Now a days, devices are made up of low-power circuits and support wireless communication, which enables them to be available at a low cost. This enables the creation of devices made up of a large number of intelligent sensors which are used for sensing, data gathering and analysis in various environments. Sensor data is shared between various nodes and then stored at a centralised network for analysis.
The components of a WSN or wireless sensor network are WSN hardware, the communication stack, middleware, secure data aggregation systems, etc.
The success of the IoT depends on each object or device’s unique address. Features of this address are uniqueness, persistence, reliability, etc. Handling such a large number of devices requires a platform that is reliable, agile, elastic and easy to use. Such a platform is provided by the cloud. Cloud computing supports the IoT. It is an architecture that provides various technological capabilities such as affordable storage, multi-tenancy, on-demand services, quality of service, a ‘pay per use’ model and so on. It provides three types of services which are Infrastructure as a Service (IaaS), Platform as a Service (PaaS), and Software as a Service (SaaS).
IaaS provides a platform to use the hardware, which can be provided to the user as a cloud resource. PaaS provides the platform to access the IoT data and to develop custom applications. And SaaS provides the platform for users to run applications.
Visualisation is one of the important aspects of the IoT. It helps users to interact with the environment. The continuous development of touchscreen technologies has led to higher usage of smartphones and tablets. This has helped the lay man to understand and visualise the technology. With the help of visualisation techniques, more useful and meaningful information can be extracted/analysed and depicted. This improves decision making capabilities.

Figure 5 IoT Reference Architecture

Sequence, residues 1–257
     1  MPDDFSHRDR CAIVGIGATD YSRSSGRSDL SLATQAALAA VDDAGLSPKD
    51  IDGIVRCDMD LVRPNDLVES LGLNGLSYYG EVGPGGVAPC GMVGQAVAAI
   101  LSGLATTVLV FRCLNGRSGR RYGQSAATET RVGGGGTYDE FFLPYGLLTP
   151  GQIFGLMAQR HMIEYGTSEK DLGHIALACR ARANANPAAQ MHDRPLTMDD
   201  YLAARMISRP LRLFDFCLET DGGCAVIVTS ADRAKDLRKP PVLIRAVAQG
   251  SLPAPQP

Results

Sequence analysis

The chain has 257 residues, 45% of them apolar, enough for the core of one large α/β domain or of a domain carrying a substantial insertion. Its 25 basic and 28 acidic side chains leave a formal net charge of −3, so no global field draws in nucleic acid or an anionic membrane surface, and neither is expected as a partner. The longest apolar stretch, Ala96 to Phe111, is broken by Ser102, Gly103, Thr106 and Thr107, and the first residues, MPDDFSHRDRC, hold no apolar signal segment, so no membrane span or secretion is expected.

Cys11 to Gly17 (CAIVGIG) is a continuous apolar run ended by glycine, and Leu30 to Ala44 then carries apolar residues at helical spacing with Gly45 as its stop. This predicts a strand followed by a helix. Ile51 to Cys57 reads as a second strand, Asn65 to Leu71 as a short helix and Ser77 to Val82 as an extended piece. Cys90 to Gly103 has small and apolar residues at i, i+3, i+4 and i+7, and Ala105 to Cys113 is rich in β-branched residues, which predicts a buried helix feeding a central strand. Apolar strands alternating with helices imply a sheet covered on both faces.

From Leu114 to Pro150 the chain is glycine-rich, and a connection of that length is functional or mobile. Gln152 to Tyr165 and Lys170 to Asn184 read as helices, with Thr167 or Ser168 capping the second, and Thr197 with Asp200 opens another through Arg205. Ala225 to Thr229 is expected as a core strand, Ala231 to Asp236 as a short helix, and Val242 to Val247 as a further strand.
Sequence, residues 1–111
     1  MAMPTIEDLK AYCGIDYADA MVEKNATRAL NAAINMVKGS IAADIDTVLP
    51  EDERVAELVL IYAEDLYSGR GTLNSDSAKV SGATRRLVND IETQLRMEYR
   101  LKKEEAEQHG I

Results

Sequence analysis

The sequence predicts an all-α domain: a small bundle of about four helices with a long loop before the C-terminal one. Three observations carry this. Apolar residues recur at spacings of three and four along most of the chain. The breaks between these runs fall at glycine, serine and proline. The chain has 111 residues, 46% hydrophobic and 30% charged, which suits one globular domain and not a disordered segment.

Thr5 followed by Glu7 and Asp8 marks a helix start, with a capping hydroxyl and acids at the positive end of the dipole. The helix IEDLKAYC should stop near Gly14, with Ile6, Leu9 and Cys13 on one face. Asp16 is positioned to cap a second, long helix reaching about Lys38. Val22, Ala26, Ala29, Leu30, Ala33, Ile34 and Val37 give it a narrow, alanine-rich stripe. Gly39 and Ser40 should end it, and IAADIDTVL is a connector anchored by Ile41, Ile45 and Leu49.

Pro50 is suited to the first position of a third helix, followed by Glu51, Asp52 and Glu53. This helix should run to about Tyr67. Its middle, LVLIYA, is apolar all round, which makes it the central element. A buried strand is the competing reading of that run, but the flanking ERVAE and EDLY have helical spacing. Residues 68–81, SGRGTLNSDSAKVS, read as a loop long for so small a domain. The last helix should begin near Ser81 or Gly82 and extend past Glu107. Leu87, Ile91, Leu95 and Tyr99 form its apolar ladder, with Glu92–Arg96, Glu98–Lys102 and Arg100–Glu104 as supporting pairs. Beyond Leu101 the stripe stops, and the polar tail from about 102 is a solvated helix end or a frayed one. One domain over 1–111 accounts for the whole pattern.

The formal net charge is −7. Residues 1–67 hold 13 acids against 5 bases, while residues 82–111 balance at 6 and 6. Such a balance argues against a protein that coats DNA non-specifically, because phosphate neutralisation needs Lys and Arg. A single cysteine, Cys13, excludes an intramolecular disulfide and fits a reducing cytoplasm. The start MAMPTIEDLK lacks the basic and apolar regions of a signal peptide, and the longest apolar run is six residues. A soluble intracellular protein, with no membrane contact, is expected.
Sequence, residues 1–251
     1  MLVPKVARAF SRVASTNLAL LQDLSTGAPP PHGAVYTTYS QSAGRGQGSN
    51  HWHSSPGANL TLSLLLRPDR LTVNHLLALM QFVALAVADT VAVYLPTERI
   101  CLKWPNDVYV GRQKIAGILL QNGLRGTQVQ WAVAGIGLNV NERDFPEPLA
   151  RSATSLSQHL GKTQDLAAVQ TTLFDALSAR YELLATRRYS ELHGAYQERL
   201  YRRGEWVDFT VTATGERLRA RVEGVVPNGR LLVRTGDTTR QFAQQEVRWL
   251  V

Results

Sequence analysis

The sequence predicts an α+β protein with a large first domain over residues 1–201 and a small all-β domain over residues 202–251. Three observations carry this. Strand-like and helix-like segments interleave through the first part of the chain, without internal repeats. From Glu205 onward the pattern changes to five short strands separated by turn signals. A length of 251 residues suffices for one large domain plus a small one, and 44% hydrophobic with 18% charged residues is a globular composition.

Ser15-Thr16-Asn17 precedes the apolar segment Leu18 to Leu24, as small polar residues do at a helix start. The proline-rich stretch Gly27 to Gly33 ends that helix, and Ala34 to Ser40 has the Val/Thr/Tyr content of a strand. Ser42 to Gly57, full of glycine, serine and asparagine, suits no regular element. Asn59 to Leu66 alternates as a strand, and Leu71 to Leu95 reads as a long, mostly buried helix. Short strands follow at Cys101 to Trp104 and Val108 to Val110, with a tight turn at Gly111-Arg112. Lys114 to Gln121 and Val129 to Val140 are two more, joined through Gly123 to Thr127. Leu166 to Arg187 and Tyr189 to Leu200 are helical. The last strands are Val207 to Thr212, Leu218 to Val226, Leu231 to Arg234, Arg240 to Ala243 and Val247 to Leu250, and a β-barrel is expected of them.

Figure 5: IoT reference architecture

Using IoT technology
It can be useful in various day-to-day scenarios as shown in Figure 6.

Like every other technology, there are some challenges with IoT also, such as small organisations finding it difficult to adopt due to budget issues, security risks and so on. Some of the challenges encountered with IoT are:

Security: The IoT connects many devices together. Many devices in a network may be less expensive, and might not have been tested for malware and bugs. So in such a situation, a security assurance cannot be given. Moreover, there are many layers of networks, so communication between various devices at the same time can increase the risk factor with this technology.

Complexity, confusion and integration issues: As the IoT connects various networks which are based on different protocols, testing and integrating them will be very difficult. Currently, there are no standards available, which creates confusion during integration.

Privacy: As there are no universally-accepted compliance parameters available for medical and lifestyle applications, concerns about privacy and trust increase. Multiple users will be accessing the same network, in which case, data security, data accuracy and privacy may get compromised.

Figure 6 Usage of IoT
Figure 6: Usage of IoT

[3] http://www.internet-of-things